BOSTON - Charlie Manuel may or may not be managing for his job. Only Ruben Amaro Jr. knows whether he's planning to play the general manager's classic buying-time card.

One thing is for sure: Manuel isn't managing as if his job security is an issue. That may frustrate Phillies fans who want to see change - any change at all, frankly - that might shake up a zombified ball club. But it is who Manuel is, as a man and as a baseball man, and that's that.

The Phillies were whipped, 9-3, here Monday night. So Tuesday afternoon, Manuel wrote out exactly the same lineup. The only difference was that his 6-hole hitter, Domonic Brown, happened to be the National League player of the week.

Brown celebrated his personal milestone with a solo home run to center in the ninth inning. His 11th homer of the season gave the Phillies a 3-1 lead.

The award, and the home run, lent a bit of weight to the argument that Manuel should move Brown up in the lineup - to third, to fifth or even, gulp, to Ryan Howard's sacred cleanup spot. He is officially (.348 average, .783 slugging percentage) the hottest hitter in the NL, so why is he batting sixth for a team in desperate need of a spark?

The answer: This is how Manuel handles young players. He is managing with his eye on Brown's career development. As much as this team needs some wins, it needs a young, homegrown star even more.

"He has a chance to be a tremendous big-league hitter and hit homers," Manuel said. "What does he have, 180 at-bats? The more consistent he gets, he'll move himself where he should be. He'll let me know when it's time for him to move."

When a young player is having some success in a particular role, it may be tempting to change and expand his role. But it may turn out that the role is contributing to the success, and that changing it sets the player back.

"I've developed a lot of players through the minor leagues and the big leagues," Manuel said. "I've had some of the best players who have ever been in baseball. They'll usually let you know where they're going to hit. Utley and Howard did that."

Howard usually hit in the No. 6 spot in 2005, when he was the NL rookie of the year. He started out in the 6 hole in 2006, then hit fifth for a long stretch before finally settling into the cleanup spot that summer. Howard was MVP that year.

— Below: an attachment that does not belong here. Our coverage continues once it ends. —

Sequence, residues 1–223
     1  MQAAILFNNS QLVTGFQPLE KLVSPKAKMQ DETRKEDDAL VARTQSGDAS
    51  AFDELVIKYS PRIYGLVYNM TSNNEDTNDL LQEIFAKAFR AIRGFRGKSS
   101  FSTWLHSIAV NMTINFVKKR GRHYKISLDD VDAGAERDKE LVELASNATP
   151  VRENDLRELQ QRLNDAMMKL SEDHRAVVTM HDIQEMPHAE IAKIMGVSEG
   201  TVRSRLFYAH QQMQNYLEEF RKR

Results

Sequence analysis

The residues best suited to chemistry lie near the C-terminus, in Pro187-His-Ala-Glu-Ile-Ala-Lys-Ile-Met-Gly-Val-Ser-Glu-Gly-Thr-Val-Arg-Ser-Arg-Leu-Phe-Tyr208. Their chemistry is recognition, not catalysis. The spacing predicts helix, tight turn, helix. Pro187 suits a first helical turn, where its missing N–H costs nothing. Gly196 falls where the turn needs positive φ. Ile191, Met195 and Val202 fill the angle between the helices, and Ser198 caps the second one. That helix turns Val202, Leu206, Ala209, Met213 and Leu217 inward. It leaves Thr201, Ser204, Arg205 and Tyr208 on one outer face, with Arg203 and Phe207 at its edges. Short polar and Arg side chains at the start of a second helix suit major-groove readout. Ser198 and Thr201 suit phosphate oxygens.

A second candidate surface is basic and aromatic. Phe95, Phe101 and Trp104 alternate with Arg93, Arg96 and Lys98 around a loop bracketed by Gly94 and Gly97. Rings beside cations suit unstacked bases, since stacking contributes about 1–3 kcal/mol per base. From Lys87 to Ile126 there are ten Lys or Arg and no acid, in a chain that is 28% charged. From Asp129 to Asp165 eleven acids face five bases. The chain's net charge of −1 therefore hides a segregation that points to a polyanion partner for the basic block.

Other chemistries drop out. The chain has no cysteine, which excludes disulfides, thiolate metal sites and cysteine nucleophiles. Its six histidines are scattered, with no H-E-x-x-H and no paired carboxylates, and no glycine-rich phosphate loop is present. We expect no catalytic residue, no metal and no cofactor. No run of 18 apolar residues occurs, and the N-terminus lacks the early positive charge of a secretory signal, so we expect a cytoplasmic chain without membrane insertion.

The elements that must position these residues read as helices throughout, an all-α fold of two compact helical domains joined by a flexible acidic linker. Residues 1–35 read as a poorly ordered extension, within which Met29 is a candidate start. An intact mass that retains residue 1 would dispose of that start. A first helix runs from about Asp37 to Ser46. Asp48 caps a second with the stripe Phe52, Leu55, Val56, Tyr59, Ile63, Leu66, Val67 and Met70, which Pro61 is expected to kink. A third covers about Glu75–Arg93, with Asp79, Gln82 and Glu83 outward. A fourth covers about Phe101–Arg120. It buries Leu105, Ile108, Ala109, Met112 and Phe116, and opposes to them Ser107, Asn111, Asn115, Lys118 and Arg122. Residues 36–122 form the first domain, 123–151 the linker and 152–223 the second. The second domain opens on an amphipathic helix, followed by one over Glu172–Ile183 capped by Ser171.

Chase Utley platooned with Placido Polanco in 2004, often batting fifth or sixth. He hit in those spots as he assumed the everyday second baseman job in 2005. By '06, he was batting second or third.

Having Utley-Howard bat 3-4 is so familiar, it is easy to forget those formative, pre-playoff-run seasons. It is also easy to forget that fans were calling for that nitwit Manuel to move up Utley and Howard in the lineup sooner.

They turned out OK. There is a chance Brown will, too.

"You've got to earn it with Charlie," Brown said. "I grew up the same way. I totally understand where he's coming from, whereas a lot of guys might not. Nothing's going to be handed to you. You've got to go out and work hard. If you're putting up the numbers, then you're going to hit in the top of the lineup. If you don't, then he's going to put you down there in the seventh and eighth hole."

That's only partly true. Manuel is going to write Howard's name in the No. 4 spot until his marker runs out of ink. He believes in the big guy and has been rewarded for that faith in the past. As Manuel said, it's a little late to be sending Howard messages.

But Brown clearly is close to earning that next step in his development. Things are a little complicated by the need to balance the lefthanded hitters - Utley, Howard, Brown - with some righties. But still, Brown is earning his way up to fifth or, with Utley out, third.

"He's headed that way," Manuel said.

The manager's sixth sense will tell him when the time is right. Not the fans, not the media, and certainly not the NL player-of-the-week award.